March 13, 2007
By Robert A. Schneider, AHR Editor
The February issue of the American Historical Review is now available on-line at the History Cooperative.
This issue contains the American Historical Association Presidential Address and four articles. The presidential address confronts the issue of statelessness, offering a historical and far-seeing perspective on this timely topic. Like many of the articles in recent issues, the four that follow all deal with comparative or transnational themes. One looks at Indians in the context of U.S.- Mexican War; another compares the writings on nationalism of two twentieth-century literary figures in colonial contexts; a third examines the “opening of Japan” from a Russian angle; and the final article reexamines “bourgeois feminism” as a contentious topic among modern feminists in the West. As always, a large part of the issue is devoted to our extensive book review section.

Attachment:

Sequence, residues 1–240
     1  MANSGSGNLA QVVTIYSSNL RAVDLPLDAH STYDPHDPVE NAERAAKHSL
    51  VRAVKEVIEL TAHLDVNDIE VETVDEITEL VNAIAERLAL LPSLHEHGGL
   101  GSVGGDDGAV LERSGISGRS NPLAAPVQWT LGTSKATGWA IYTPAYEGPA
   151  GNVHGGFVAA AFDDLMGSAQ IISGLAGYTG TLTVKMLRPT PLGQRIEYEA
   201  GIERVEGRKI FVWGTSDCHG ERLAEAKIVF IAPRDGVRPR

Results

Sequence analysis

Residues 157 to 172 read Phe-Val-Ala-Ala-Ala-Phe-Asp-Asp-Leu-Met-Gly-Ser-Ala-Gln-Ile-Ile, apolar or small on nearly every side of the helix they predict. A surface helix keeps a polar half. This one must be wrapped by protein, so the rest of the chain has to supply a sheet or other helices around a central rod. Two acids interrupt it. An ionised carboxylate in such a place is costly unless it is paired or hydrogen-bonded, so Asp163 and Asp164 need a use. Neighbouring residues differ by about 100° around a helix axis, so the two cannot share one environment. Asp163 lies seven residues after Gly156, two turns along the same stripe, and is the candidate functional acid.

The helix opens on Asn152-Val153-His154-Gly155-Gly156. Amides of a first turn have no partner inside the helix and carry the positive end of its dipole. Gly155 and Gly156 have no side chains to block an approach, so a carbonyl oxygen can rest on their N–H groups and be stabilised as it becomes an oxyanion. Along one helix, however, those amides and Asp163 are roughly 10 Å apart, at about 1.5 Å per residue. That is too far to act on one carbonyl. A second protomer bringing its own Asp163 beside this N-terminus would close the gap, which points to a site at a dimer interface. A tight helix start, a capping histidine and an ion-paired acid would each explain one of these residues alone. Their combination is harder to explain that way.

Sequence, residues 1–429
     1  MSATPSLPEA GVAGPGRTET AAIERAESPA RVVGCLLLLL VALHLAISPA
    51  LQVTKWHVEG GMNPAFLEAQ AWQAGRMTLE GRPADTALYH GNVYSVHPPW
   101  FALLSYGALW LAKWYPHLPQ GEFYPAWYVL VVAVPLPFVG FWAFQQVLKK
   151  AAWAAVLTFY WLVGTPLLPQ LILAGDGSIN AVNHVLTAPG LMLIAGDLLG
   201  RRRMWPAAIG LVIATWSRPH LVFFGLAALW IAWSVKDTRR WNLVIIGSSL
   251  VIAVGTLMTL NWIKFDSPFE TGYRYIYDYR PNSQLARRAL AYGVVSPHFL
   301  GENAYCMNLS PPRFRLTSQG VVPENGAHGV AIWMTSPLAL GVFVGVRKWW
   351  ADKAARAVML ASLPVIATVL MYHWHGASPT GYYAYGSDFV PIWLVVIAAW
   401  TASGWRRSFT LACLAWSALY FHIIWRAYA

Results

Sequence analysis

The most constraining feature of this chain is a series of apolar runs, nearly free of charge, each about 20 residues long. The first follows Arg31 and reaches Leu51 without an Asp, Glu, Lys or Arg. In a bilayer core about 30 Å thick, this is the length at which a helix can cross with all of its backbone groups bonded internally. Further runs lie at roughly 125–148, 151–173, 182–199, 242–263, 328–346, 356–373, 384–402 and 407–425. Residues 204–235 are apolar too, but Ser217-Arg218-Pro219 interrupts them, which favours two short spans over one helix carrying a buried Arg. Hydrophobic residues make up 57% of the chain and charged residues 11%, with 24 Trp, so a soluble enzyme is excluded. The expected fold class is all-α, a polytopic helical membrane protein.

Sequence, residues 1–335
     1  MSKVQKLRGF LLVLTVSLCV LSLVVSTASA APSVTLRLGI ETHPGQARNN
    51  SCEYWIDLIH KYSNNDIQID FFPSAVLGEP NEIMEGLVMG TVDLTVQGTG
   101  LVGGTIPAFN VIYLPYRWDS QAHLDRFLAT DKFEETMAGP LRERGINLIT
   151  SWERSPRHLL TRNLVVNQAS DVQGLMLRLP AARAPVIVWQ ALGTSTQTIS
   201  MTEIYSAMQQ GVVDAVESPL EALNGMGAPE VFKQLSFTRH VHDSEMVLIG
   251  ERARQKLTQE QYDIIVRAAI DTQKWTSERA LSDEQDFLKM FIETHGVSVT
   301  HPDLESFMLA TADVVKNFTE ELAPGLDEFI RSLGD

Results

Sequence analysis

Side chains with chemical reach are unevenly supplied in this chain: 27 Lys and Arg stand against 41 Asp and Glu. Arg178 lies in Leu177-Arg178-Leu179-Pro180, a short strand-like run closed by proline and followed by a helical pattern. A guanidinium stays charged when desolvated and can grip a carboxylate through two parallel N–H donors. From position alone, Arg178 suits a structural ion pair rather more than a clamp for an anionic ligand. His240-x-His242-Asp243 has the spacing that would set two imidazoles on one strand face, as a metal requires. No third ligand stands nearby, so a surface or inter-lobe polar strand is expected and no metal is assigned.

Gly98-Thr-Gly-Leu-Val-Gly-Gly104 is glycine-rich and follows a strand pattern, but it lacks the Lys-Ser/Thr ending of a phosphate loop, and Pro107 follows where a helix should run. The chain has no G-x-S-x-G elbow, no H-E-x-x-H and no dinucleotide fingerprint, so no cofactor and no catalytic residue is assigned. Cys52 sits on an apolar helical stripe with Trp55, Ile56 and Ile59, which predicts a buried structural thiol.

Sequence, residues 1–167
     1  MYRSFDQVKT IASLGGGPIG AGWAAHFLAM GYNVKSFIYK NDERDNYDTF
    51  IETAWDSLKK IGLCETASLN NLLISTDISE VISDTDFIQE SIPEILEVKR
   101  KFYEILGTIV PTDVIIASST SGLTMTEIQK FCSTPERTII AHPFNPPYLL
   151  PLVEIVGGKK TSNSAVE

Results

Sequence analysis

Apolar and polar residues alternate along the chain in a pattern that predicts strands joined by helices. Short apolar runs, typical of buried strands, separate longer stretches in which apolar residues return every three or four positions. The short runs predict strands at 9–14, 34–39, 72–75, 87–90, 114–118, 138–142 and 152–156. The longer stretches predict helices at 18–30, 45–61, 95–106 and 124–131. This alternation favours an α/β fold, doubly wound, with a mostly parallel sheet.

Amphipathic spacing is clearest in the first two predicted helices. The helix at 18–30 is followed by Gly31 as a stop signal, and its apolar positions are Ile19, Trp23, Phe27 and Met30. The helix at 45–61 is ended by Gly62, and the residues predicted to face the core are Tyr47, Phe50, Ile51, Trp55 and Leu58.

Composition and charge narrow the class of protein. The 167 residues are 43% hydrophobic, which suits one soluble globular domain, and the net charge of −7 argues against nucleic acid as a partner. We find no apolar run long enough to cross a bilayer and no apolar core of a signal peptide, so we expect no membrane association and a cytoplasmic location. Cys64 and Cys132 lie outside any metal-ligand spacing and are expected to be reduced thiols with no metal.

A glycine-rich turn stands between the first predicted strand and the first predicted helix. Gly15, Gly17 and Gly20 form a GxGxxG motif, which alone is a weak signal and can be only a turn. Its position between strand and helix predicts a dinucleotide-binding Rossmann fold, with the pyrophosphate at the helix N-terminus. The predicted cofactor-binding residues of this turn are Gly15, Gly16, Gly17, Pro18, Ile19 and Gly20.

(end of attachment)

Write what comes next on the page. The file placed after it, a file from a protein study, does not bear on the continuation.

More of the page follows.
Linda K. Kerber’s presidential address, “The Stateless as the Citizen’s Other: A View from the United States,” is a wide-ranging and passionate discussion of an issue that has particular meaning in our time, marked as it is by a dramatic increase in the number of refugees, asylum seekers, and other uprooted peoples. Kerber notes that women and children have historically been the most vulnerable when it came to denying or questioning peoples’ claims to US citizenship. She also shows that the laws which denied citizenship to illegitimate children of American citizens abroad were largely conceived as measures to protect US soldiers in foreign theaters of war from the burden of unwanted dependents. Her address goes on to consider the historical evolution in our understanding of citizenship, leading to the widespread acceptance today of dual citizenship as well as somewhat elastic notions of citizenship as embodied, for example, in the political culture of the European Union. Still, the specter of statelessness is one that haunts many. It is a world-wide problem, aggravated by the vicissitudes of war and the global traffic in labor, among other dislocating forces. Indeed, Kerber provocatively suggests that the condition of statelessness serves “the state by signaling who will not be entitled to its protection, and throwing fear into the rest of us.” She ends her address with a wistful and passionate meditation on the possibility of an emerging new understanding of citizenship as a global right—a “meaningful cosmopolitanism, in which a robust international law protects human rights in reliable ways, and reliance on the vagaries of the single nation state is less essential.”